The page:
Silver Screen: Moneyball ***1/2

Silver Screen: Moneyball  ***1/2
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Silver Screen: Moneyball ***1/2
Bryan Miller

The first film adaptation of a Michael Lewis book, The Blind Side, wasn't exactly faithful to the source material. Sure, Lewis's nonfiction book focused heavily on the story of a football booster who helped an underprivileged student stabilize his home life and go on to NFL greatness, but it was equally about the strategic development of the left-tackle position and how its evolution came to change football. This brainy stats-and-strategy approach was dropped from the film, which became more about how awesome middle-class white women with disposable incomes can be.

Lewis is an economist with a particular interest in the tangible ideas that can be found crunching numbers. He's the Malcolm Gladwell of the spreadsheet, as evidenced in perhaps his most popular book since his astonishing Wall Street expose Liar's Poker, a book about the way dollars and cents drive America's pastime, Moneyball.

Moneyball is about a particular solution developed for baseball's class-warfare problem. As noted in the opening sequence of the film, in which the Oakland Athletics' general manager Billy Beane (Brad Pitt) listens to a radio as his team is beaten by the Yankees, Oakland's $40-million budget for player salaries was eclipsed by New York by nearly $100 million. The Yankees, with their massive payroll, can essentially buy an allstar team. The odds are incredibly lopsided. (As the great comedian Doug Stanhope once noted, being a Yankees fan is like rooting for the house at a casino.)

Beane's unconventional solution to the problem comes in the form of a Yale graduate, Peter Brand (Jonah Hill), a character based significantly on Beane's real-life assistant general manager Paul DePodesta. Brand is a student of Bill James, a baseball nut and statistician who pioneered a system called sabermetrics in which players are recruited and teams built not based on traditional evaluations by scouts but crunching the numbers in the box scores to find the best players for the best value. The film version of Moneyball, which understandably cannot spend twenty minutes on a math lecture, boils the system down to this: Sign the cheapest players who have the best on-base percentages. During a few montage scenes, director Bennett Miller gives glimpses of that system’s more complex permutations, but the Cliff's Notes version works just fine.

Not everyone is so keen on the system Beane and Brand develop, especially not crusty coach Art Howe (Philip Seymour Hoffman). He's unimpressed by the roster, which includes the aging David Justice, the hotheaded Jeremy Giambi, and Scott Hatteberg, a catcher considered washed up due to injuries. In the relatively few baseball scenes, they're presented as a kind of Bad News Bears squad. Though Miller maybe overdoes that a bit, they truly were plucky underdogs, which makes their eventual success all the more intriguing.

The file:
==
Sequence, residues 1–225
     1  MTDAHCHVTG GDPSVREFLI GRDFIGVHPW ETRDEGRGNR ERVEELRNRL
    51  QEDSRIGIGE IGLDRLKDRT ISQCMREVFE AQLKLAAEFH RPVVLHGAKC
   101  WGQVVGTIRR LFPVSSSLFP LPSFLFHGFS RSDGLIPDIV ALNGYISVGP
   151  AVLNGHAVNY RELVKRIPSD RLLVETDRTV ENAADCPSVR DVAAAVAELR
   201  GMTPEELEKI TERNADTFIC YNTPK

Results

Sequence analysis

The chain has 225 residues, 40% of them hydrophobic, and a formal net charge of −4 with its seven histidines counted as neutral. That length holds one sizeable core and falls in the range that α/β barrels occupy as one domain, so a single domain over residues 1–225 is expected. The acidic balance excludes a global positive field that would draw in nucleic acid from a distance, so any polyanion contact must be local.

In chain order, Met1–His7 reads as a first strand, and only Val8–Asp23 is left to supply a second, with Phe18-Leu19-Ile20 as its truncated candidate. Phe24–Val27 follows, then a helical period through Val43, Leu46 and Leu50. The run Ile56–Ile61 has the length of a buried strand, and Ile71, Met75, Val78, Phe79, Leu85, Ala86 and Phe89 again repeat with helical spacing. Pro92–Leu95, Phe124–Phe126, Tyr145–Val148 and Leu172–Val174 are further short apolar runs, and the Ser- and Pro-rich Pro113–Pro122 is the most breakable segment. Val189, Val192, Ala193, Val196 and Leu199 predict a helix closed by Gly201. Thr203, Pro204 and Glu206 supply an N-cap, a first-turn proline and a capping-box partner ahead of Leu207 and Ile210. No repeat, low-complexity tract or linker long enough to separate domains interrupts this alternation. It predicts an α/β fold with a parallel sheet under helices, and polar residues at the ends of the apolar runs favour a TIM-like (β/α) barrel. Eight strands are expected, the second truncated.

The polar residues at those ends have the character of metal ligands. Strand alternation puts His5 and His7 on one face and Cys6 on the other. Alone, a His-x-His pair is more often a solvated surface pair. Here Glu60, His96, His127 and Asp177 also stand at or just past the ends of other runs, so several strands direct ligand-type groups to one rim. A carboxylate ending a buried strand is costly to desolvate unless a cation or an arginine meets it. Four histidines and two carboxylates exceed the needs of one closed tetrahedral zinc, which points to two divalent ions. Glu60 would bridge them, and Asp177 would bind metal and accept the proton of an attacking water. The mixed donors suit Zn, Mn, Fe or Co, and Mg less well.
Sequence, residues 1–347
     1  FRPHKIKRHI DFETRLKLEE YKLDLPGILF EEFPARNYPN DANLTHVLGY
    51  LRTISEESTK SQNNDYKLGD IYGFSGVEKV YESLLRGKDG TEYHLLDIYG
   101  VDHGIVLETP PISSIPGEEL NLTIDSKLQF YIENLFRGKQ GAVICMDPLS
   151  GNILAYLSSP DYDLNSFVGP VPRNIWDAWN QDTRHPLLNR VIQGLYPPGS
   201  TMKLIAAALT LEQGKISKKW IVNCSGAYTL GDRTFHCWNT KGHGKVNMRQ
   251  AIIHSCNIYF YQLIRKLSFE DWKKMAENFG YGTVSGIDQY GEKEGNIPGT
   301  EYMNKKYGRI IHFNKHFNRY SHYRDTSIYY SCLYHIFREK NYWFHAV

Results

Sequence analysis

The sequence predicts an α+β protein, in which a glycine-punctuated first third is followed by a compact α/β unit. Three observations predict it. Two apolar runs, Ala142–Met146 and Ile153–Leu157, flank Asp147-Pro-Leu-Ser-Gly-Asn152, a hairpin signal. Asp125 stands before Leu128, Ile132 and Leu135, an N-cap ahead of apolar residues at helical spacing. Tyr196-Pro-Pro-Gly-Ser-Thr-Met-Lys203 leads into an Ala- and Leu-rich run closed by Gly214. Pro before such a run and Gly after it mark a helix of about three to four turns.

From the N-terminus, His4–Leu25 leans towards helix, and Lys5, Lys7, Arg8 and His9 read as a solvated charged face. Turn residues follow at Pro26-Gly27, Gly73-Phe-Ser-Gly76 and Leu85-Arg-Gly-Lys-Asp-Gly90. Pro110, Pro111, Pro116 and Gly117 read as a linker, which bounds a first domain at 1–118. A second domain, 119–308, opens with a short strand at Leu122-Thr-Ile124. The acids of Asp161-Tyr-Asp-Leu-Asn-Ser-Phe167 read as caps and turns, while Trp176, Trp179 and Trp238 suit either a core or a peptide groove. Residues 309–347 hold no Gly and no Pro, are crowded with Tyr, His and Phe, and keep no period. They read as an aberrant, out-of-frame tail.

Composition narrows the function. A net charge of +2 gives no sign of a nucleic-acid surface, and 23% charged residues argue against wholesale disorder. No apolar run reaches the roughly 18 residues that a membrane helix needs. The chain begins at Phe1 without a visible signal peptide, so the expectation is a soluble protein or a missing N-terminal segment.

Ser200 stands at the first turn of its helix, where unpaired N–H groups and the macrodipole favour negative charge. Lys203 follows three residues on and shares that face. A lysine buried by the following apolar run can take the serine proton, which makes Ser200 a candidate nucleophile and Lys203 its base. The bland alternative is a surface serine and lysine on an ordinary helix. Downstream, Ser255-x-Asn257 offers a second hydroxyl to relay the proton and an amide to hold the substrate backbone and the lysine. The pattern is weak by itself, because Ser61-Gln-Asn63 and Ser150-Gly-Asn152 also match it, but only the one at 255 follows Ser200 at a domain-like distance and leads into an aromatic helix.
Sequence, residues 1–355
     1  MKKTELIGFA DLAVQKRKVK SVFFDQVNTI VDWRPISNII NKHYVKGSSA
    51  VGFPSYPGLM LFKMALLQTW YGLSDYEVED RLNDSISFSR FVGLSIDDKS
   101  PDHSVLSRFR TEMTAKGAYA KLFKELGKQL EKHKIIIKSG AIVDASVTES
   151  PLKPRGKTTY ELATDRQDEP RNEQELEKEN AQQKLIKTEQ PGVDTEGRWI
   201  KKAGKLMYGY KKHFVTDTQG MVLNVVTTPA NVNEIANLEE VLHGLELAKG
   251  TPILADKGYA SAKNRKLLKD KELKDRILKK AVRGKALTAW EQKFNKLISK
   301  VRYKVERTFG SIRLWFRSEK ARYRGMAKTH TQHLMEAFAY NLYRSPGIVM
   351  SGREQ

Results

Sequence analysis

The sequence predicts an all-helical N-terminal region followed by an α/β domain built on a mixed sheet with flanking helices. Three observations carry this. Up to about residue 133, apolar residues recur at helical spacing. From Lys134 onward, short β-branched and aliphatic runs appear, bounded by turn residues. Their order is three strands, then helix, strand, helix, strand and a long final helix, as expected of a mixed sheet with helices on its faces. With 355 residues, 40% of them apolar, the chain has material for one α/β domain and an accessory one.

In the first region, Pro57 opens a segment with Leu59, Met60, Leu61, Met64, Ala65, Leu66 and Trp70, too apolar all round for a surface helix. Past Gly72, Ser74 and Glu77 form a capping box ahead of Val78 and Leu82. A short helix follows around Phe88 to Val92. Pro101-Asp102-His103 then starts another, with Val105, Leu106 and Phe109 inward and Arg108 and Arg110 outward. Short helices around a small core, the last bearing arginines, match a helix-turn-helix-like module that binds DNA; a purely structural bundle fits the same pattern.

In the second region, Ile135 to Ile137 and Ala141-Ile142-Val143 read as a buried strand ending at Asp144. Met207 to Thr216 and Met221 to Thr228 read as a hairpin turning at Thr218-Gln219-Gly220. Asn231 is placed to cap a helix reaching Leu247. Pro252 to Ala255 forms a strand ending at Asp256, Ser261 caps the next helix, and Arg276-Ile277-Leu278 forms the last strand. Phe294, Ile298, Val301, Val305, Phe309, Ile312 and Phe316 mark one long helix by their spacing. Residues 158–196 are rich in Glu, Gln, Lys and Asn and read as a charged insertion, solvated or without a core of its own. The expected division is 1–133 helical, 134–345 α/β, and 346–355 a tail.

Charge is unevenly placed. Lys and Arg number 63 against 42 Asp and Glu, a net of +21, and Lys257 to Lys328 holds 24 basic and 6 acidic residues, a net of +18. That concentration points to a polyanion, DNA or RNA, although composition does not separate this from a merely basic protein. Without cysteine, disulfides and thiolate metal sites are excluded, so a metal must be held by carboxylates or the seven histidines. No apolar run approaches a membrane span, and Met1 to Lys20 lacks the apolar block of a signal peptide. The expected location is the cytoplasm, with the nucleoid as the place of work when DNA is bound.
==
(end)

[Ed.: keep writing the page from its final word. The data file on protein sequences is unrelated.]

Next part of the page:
Spoiler alert for non-baseball fans: They don't win the World Series. But what transpires with the team is pretty remarkable, and it does make for a great story. With the lack of a gift-wrapped, ideal conclusion, Miller and ace screenwriters Aaron Sorkin and Steve Zaillian shift the conflict so it's not so much about whether or not the A's go all the way, but if Beane will be able to fully implement his system and if his and Brand's revolutionary approach will win acceptance.

Moneyball's greatest detriment is rather ironic. In the film, Beane repeatedly preaches about the overvaluation of superstar players and the benefits of a team constructed of equal parts working within a well-conceived system. The film fails to follow this game plan, however, and all the attention is shifted onto the movie's own superstar, Brad Pitt. He does an excellent job, of course, and Pitt’s temperamental Beane is a fascinating character. The movie's most interesting subplot concerns his own past, in which he himself was overpraised by scouts and failed to live up to his potential; using his own shortcomings as evidence of his theory, he's essentially arguing against the very ideas that brought him into Major League Baseball. It's good stuff, but it comes at the expense of essentially every other character in the film. Because Pitt is in it, the movie becomes the Billy Beane show, and we get utterly unnecessary subplots about his daughter and ex-wife (Robin Wright, in a single scene). Meanwhile, the semi-fictional Brand, the true mastermind here, remains totally unknown, and Hill's promising performance never really gets off the ground due to lack of screen time.

Good though it is, with some classic zingers via Aaron Sorkin and a strong cast, Moneyball could have been better had it practiced what it preached and allowed more contributions from the ensemble. But unlike the A's, who couldn't afford to hire superstars, Miller and company have Brad Pitt, which makes it a whole new ballgame.

Follow Bryan Miller on Twitter @bmillercomedy.